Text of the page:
Testicular cancer is mostly cured with the help of a surgery. A follow-up radiation and chemotherapy is suggested by doctors to destroy the surrounding cells. It is done to ensure that the cancer cells do not spread easily and the chance of recurrence is minimal. The rate of cure depends on early detection.

Does testicular cancer affect sexuality?
In most of the cases, testicular cancer is detected in one testicle. If this is the case, the other testicle produces all the hormones needed for sexual drive. It also does not affect sex drive, beard and muscularity. There is also a large section of patients who reported of a difficult sexual life after the surgery. There can be some discomfort in the scrotum as well.

1 person found this helpful

Gestational Trophoblastic Disease - How To Handle It?

Dr. Surinder Kaur Gambhir 90% (28 ratings)
MBBS Bachelor of Medicine and Bachelor of Surgery, MD - Obstetrics & Gynaecology, Diploma in Assisted Reproductive Techniques (ART)
Gynaecologist, Chandigarh
Gestational Trophoblastic Disease - How To Handle It?

Gestational trophoblastic disease is a rare condition. It only happens when trophoblast cells abnormally grow inside the uterus. Also, this only happens after conception. These cells surround the egg which has been fertilized in the uterus. It is also worth note that the trophoblast cells usually connect the fertilized eggs to the uterus' walls and also form a part of the placenta. It is only when there is a tumor that this disease is diagnosed. There are many forms of gestational trophoblastic disease. Here they are:

Types

1.        Complete hydatidiform moles
2.        Partial hydatidiform moles
3.        Invasive moles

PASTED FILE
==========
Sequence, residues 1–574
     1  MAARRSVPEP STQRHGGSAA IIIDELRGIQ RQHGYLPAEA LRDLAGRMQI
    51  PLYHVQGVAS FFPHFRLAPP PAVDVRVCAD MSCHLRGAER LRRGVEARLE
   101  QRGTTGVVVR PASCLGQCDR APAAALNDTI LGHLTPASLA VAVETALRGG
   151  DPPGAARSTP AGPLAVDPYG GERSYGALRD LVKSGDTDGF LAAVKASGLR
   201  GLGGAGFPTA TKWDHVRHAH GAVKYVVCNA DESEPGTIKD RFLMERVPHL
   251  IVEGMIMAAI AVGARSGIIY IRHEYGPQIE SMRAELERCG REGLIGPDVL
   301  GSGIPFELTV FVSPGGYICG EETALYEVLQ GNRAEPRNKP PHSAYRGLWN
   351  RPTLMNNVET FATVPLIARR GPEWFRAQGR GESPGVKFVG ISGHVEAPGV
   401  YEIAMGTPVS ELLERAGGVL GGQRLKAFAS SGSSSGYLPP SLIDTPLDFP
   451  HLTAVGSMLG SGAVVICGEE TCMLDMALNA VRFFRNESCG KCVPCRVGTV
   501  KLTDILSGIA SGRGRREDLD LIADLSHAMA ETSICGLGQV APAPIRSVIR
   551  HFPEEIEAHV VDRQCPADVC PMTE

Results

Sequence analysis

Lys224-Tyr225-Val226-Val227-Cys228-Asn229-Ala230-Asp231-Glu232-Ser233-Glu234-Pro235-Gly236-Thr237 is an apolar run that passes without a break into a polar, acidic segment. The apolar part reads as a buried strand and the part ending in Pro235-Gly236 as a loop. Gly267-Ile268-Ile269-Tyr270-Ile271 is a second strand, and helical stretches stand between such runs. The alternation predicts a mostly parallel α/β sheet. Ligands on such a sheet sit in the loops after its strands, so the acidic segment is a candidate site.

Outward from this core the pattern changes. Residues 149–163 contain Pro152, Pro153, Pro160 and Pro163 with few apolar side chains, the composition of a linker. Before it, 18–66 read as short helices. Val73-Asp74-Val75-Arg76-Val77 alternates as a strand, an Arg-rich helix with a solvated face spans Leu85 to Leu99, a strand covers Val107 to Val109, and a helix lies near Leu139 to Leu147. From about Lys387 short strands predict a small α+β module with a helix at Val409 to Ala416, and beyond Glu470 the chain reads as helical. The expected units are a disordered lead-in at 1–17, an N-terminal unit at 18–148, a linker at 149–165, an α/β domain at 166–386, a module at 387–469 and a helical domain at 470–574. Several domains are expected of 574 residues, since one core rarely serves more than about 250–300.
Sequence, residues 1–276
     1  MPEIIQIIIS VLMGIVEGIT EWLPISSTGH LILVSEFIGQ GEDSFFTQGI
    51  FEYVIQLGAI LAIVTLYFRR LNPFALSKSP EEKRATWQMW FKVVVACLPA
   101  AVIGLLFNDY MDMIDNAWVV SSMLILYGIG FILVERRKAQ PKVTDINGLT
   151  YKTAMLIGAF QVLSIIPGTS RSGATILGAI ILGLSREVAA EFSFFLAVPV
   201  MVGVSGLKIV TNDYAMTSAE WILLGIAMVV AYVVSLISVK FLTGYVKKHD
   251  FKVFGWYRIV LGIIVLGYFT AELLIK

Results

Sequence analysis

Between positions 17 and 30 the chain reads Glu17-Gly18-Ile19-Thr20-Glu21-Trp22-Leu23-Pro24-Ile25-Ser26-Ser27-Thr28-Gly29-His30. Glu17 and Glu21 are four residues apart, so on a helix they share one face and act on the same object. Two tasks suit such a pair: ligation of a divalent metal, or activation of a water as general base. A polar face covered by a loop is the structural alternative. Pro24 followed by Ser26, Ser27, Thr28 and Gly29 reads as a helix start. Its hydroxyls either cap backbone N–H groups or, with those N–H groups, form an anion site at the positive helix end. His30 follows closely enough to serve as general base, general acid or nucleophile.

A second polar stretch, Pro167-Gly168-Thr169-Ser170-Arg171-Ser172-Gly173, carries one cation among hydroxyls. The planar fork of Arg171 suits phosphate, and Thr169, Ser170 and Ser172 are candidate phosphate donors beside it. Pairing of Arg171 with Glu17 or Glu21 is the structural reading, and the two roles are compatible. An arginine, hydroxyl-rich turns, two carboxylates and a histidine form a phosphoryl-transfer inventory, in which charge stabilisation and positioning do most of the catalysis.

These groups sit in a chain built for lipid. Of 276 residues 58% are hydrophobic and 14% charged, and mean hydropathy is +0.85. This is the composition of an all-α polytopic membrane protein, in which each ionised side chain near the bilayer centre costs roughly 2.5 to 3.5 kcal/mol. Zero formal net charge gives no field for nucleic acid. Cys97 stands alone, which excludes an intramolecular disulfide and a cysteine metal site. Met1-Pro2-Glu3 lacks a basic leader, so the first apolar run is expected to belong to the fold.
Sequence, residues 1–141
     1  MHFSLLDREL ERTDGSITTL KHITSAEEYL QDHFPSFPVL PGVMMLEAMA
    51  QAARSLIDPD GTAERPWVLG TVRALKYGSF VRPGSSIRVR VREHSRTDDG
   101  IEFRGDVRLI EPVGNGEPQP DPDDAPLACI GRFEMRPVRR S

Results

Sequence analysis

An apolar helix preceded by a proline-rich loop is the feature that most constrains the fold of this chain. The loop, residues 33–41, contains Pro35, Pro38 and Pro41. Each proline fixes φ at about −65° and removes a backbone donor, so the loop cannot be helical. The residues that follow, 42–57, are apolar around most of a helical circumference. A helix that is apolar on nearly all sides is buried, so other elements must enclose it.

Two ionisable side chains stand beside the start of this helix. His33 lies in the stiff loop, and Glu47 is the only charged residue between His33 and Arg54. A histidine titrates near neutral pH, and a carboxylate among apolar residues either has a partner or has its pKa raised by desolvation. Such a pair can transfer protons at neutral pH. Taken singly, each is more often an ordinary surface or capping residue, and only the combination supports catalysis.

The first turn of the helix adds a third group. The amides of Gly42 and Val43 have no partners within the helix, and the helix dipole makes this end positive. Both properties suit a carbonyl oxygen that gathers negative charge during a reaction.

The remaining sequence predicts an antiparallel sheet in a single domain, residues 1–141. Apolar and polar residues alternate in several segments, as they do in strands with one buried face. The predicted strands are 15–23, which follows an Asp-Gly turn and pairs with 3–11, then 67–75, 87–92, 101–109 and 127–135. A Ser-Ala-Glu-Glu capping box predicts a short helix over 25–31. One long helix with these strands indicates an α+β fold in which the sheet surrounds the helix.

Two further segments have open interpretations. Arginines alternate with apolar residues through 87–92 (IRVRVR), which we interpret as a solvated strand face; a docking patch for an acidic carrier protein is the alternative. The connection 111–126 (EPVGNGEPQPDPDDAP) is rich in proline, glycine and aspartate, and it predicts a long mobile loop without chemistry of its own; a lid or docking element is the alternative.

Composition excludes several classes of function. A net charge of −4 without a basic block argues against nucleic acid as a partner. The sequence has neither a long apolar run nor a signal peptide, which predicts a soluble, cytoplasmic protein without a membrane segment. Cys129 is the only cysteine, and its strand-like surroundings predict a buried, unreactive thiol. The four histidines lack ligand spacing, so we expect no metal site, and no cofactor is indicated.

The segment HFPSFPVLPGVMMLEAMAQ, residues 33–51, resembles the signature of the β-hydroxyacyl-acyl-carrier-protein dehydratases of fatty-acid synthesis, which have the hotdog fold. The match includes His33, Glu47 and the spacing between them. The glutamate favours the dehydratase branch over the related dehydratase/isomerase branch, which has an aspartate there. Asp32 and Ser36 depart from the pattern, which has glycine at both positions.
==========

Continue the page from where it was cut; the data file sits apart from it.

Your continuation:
4.        Choriocarcinomas
5.        Placental-site trophoblastic tumors (PSTT)
6.        Epithelioid trophoblastic tumors (ETT)

It is worth note that most of these diseases have different stages. The stage of how far the cancer has developed can be found out using the following techniques.

Testing for cancer

1.        Chest X-ray
This is simply an X-ray of the chest.

2.        MRI 
An MRI is an abbreviation of magnetic resonance imaging. It makes use of a form of magnet which transfers radio waves to a computer to find out what is going on within your body.

3.        CT scan
This is similar to an X-ray except that more detailed and larger pictures inside the body can be taken and the scan has a slightly different procedure.
There are several ways to treat it depending on how far the cancer has spread into the body. Here they are:

Treatment

1.        Surgery
Surgery is usually done while the mole is still non-cancerous. The chances of the mole becoming cancerous are increased by pregnancy. Therefore, it is crucial that you do not become pregnant until the surgery is complete.

2.        Chemotherapy
This is a less-ideal option but has to be taken if the mole has become cancerous. 
 

4974 people found this helpful

Testicular Cancer - Can It Affect Sexuality?

Dr. Vibhor Mahendru 88% (30 ratings)
MBBS, MS - General Surgery, DNB - Surgical Oncology
Oncologist, Lucknow
Testicular Cancer - Can It Affect Sexuality?

Testicular cancer is mostly witnessed among young adults in the age range of 24–35. It results from the growth of abnormal cells in the testes. It is not the most common type of cancer found in the body, but can pose a serious threat to an individual if not treated early. The cure rate is one of the highest among all kinds of cancer found in the body. This being said, the rate of cure is totally dependent on the stage of detection.